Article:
As Dungeons & Dragons is, at heart, a combat-oriented roleplaying game, it’s no surprise that there’s a wide array of weapon available to the characters. As most characters are budding fantasy heroes or one type or another who repeatedly set out on dangerous journeys in search of gold and other treasure, being proficient in combat is critical.

What’s more, as a character gains levels throughout a campaign, they tend to face ever nastier and tougher opponents. Regardless if these are hulking, slobbering monster or cunning masterminds hold up in hard-to-reach lairs, they often have one thing in common: their hit points increase. For this reason, it’s easy to see why many players obsess over their characters’ choice of arms, and spend a lot of time trying to optimise their damage output. Consequently, weapons that deal massive damage are preferred by many classes that focus on melee and ranged combat. In other words, a wise adventurer doesn’t bring a knife to a battlefield.

Or should they?

The knife – or dagger, to use a nomenclature more appropriate to a fantasy RPG – is a rather curious weapon in D&D. In my experience, many characters, especially rogues, start out with a dagger in their belt, often because their budgets are limited or due to restrictions of their class. However, as they gain levels, the daggers are quickly discarded or demoted to their backpacks in favour of swords and axes. Even magic daggers, especially those that require attunement, are typically tucked away unattuned or sold off at the nearest market. At best, they’re reduced to a character’s last resort in case they somehow lose all their other weapons. This is understandable: in a world where dragons are real, dishing out colossal damage becomes a priority. But it’s also a pity, because in this writer’s opinion, daggers have a multitude of uses – practical as well as aesthetical!

In this article, I will take a stab (sorry!) at listing several arguments for why every self-respecting adventurer should have at least one dagger in their arsenal. I’ll also list a handful of interesting magic daggers that can be found in the core rulebooks and beyond. So come along and let’s dive into the possible uses of this tiny but underappreciated weapon!

Best daggers in Dungeons & Dragons
Daggers maybe be small, but they’re useful in a multitude of ways – and they can also be devilishly stylish! (Photo credits: Graham Mansfield)

It’s dead simple

This isn’t a benefit when it comes to damage-dealing but still a feature that’s worth mentioning: daggers are available to all classes. Which means that in the likely event that you come across that extremely powerful dagger, and happen to be playing a character of a class that can use only simple weapons, you can use it in combat right away. And there are mightily dangerous daggers out there – for example, there’s one in our adventure Secrets of the Drow!

This thing doesn’t weight anything

This is also a Daggers are rated as Light in the rules, which makes sense given their size, so they’re a choice for characters who are fighting with two weapons. It’s true that both scimitars and shortswords are better options for your off-hand in terms of pure damage-dealing as they also are light weapons (and they also have the Finesse property – more on this below), but importantly, a good DM might argue that in-game, these two weapons are heavier as well as larger, which means they’re limited in certain other ways that I’ll elaborate on below.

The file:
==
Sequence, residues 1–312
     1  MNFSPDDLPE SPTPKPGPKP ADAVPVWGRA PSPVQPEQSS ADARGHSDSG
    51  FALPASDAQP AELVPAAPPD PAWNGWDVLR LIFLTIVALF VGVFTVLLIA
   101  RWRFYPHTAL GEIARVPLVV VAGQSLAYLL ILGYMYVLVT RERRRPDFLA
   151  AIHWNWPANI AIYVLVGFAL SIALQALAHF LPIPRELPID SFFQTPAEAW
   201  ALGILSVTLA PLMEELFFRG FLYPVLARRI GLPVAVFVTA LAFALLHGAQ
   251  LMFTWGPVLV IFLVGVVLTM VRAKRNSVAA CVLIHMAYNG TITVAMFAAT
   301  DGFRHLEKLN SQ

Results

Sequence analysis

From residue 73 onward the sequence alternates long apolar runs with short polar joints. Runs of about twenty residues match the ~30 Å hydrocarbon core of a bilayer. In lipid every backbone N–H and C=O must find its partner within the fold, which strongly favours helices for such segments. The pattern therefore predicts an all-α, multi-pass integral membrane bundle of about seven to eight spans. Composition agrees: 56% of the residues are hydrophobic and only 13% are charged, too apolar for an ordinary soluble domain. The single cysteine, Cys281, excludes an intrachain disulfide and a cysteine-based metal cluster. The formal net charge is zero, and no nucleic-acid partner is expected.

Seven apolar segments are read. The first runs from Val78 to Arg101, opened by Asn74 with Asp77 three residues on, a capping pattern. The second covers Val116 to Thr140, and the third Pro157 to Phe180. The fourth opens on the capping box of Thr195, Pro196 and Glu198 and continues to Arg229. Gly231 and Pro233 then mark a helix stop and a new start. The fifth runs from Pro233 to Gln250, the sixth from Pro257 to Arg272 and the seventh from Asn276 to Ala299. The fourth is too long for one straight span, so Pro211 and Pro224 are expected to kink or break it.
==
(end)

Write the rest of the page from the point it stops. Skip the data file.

Fighting with flair and finesse

Now we’re starting to home in on the interesting aspects of daggers! Weapons with the Finesse property are rather few, and the list includes daggers, shortswords, rapiers, scimitars, and whips. Among these, we find that only daggers are both Simple weapons and possible to use as ranged weapons by throwing them in your opponent’s face (or tentacle, gigantic eye, incorporeal torso, et cetera – this is Dungeons & Dragons, after all!).

Enter the rogue. Members of this class and its myriad subclasses are likely to be interested in daggers as they enable their dreaded sneak attacks. There are other weapons that can be used for sneak attacks too, such as rapiers and shortswords – but these are larger and more conspicuous, and many rogues lean towards more discreet weapons.

And there’s more: as the additional bonus damage from sneak attacks applies to ranged attacks as well, there’s all the more reason to pack several daggers in your rogue’s belt. Additionally, of the weapons listed above, only shortswords and daggers can be used for off-hand attacks with using up feats or having other special abilities. As the basic damage die involved in these attacks is small, but the potential sneak attack damage is huge, there’s plenty of reason for rogues to look at two-handed fighting. Should there be poison involved, a rogue might be even further interested in getting in as many attacks as possible every round.

Trust me, I’m unarmed

Now were getting into the benefits of daggers that have more to do with roleplaying and dungeon mastering rather than rules: a dagger’s size and look. Before proceeding, let me repeat that the following aspects of daggers may not be of any use in a campaign that revolves around by-the-core-rules-and-only-the-rules dungeon crawling. However, in adventures that focus on social interaction between player characters and NPCs, or when you have a DM who pays a lot of attention to details and behaviours that aren’t necessarily covered in the rulebooks, the situation can be very different.